Let’s get the backstory first, then continue our ride.

Nanji Park Profile

Nanji Hangang Park (난지한강공원) stretches across the Mapo District (마포구) on the northern banks of the Han River. 

Seoulites often group Nanji together with World Cup Park. Why?

First, they’re neighbors. Under and overpasses (road view) allow park goers to flow under and over the bisecting expressway. 

Second, the World Cup built both parks.

Nanji Renewal

Both the Nanji Hangang and World Cup parks inhabit Nanji Island. During the Joseon Dynasty, its fertile soil grew crops aplenty.

But the Miracle on the Han boom years following the Korean War transformed the island.

Like gleaming skyscrapers and top-shelf roadways? No. It gave a home to 92 million metric tons of trash. By the 1970s, Nanji stunk up Seoul’s western outskirts. Until…

FIFA selected both Korea and Japan to host the 17th FIFA World Cup.

Like the 1988 Olympics in Seoul, this spurred Seoul to tidy up its unsavory regions. They didn’t want to look lesser when compared to Japan, their former occupiers.

So Seoul spent billions to contain and bury Nanji’s putrid refuse. Overtop they built Seoul World Cup Stadium (월드컵경기장), Korea’s main World Cup venue, and a network of parks beside.

Residents first used Nanji Hangang Park as a campground. However, in 2009, the Hangang Renaissance Project seized the land and added it to the Hangang Park System.

Yes, those switchback ramps (road view) lead to the Mapo Bridge’s main deck, providing an excellent point to cross the south side of the Han.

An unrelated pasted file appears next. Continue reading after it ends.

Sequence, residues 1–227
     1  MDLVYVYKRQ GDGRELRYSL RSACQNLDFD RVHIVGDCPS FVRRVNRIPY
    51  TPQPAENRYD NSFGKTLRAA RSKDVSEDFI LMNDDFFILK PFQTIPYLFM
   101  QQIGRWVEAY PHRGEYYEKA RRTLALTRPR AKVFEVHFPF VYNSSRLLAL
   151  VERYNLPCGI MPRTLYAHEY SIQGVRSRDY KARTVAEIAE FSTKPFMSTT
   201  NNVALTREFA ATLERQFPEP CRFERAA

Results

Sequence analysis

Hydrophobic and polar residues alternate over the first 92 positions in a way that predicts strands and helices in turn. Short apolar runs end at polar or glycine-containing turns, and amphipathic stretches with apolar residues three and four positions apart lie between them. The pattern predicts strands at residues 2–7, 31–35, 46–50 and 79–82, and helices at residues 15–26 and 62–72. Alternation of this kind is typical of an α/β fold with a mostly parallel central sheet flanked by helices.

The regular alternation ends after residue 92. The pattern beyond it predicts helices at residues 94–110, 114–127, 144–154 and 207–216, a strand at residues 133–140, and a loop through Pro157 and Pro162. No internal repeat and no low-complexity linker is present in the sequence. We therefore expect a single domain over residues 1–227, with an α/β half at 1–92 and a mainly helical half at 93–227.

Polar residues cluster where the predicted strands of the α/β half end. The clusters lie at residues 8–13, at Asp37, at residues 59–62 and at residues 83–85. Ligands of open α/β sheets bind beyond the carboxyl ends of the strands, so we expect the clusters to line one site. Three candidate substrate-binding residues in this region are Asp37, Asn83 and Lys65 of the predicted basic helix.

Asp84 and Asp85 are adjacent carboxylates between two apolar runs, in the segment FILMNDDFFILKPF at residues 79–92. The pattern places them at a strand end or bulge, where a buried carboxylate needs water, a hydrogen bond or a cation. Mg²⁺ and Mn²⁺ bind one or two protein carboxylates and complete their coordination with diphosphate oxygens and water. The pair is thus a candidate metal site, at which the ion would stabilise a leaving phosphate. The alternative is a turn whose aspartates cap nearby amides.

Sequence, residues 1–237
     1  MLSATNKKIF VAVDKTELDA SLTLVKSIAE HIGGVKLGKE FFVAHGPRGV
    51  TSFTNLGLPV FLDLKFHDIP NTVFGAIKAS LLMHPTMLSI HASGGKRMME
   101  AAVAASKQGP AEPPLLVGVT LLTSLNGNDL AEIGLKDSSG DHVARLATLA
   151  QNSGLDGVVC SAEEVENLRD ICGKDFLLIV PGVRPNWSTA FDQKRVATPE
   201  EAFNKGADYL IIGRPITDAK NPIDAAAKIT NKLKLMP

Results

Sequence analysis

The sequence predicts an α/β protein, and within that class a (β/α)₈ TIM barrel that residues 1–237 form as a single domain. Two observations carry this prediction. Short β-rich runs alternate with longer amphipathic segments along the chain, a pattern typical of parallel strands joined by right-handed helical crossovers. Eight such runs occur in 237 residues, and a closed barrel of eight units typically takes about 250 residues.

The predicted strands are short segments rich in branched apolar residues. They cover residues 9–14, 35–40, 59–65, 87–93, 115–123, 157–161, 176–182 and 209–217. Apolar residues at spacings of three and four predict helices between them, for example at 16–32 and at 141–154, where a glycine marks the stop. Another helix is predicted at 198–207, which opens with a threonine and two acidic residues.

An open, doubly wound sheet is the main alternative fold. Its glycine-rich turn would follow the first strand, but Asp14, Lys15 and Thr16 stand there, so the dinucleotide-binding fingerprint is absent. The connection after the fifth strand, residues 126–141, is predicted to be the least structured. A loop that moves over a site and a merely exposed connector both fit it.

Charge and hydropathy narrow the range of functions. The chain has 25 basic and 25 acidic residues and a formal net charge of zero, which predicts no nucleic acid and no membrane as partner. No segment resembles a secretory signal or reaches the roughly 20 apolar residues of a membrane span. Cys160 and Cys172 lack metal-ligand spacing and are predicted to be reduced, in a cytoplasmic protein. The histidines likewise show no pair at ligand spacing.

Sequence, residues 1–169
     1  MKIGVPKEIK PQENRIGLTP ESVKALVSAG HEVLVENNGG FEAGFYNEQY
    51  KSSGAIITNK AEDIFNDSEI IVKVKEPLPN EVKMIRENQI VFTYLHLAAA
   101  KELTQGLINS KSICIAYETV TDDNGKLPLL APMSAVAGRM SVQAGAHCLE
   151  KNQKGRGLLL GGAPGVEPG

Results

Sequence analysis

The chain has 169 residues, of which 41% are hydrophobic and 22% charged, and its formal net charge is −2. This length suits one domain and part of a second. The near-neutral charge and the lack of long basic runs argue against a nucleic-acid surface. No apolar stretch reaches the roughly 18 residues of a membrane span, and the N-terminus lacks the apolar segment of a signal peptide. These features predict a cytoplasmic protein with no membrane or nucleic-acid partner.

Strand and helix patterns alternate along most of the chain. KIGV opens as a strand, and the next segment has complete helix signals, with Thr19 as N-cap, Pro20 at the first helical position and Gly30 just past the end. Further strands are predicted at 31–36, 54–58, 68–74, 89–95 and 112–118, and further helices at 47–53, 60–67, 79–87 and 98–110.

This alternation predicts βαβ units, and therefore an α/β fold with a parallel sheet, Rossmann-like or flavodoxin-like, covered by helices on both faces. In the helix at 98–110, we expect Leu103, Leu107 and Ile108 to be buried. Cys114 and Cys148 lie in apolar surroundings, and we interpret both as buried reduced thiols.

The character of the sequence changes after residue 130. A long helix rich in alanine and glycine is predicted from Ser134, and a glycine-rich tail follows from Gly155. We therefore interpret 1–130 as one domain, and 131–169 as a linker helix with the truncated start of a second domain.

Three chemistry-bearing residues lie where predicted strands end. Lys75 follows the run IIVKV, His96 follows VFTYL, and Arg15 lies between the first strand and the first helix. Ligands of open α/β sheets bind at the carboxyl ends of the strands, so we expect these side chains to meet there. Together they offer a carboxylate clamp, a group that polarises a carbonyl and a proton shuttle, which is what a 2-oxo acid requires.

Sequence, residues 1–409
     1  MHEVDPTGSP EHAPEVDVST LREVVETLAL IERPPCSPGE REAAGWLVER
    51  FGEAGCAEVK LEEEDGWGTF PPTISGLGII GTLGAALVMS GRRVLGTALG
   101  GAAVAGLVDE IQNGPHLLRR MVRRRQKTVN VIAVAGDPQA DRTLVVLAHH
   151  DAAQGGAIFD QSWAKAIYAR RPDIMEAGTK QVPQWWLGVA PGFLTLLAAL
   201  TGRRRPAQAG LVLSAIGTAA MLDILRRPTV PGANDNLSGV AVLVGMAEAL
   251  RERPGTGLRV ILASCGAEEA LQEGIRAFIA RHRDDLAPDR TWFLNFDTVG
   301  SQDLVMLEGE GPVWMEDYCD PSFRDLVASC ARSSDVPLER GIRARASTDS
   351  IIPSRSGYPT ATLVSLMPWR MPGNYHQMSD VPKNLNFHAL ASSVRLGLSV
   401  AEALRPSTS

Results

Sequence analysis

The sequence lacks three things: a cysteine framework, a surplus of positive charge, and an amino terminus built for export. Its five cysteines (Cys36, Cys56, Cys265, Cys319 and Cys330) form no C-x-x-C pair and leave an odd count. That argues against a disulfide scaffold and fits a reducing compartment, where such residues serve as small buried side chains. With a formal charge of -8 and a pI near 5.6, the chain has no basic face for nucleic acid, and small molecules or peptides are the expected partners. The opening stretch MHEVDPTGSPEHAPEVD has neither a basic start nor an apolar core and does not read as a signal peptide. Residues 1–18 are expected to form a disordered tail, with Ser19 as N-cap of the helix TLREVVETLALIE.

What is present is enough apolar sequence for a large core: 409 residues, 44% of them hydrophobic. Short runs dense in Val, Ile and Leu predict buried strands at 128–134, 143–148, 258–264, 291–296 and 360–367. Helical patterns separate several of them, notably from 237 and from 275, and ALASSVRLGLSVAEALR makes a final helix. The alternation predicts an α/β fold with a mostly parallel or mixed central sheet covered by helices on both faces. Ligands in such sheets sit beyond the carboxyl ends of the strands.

After crossing, a ramp on the south side (road view) leads to Yeouido Hangang Park’s bike paths.

Yes, those switchback ramps (road view) lead to the Mapo Bridge’s main deck, providing an excellent point to cross the south side of the Han. 

After crossing, a ramp on the south side (road view) leads to Yeouido Hangang Park’s bike paths.

Hangang Bridge (한강대교) offers an easy crossing point for bikers and pedestrians. From the north, an elevator (road view) and stairs will snatch you off the bike path. Ramps (road view) on the south side lead to Banpo Hangang Park.

Banpo Bridge (반포대교) provides the quickest path for cyclists and pedestrians across the Han. No elevators, ramps, or stairs. Just a straight shot across the river.

Yeongdong Bridge offers an easy crossing point.

Under the bridge’s north side, stairs (road view) lead to the bridge’s deck. On the south side, a ramp (road view) flows into Jamsil Hangang Park’s bike path.

Other than Banpo Bridge, Jamsil Railroad Bridge offers one of the easiest crossing points along the Han, landing at the intersection of Jamsil and Gwangnaru Hangang Parks.

A ramp (road view) carries you to the top of Gwangjin Bridge. Hop the road (road view) to access the eastern bike lane. (The west side’s walking path forbids bikes.) The bridge lands in the heart of Gwangnaru Hangang Park.

Paldang Bridge isn’t just an excellent crossing point. It’s a part of the Hangang Bicycle Path.

If you rode the South Side bike path though Seoul, you must-cross the bridge. If you traveled the North Side, crossing the bridge would take you backwards along the Hangang Bike Path.

North Side

North Side

뚝섬전망콤플렉스
인증센터
33 km (20.5 mi) from start
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Google
Link button to Kakao Maps directions.
Kakao
Tteukseom Observation Complex certification center checkpoint stamp for Korea's Bicycle Certification system.
Bridge Observatories

Atop Seoul’s Han River bridges sit ten observatories. Some hold cafés. Others offer observation decks to view natural and cityscape sights.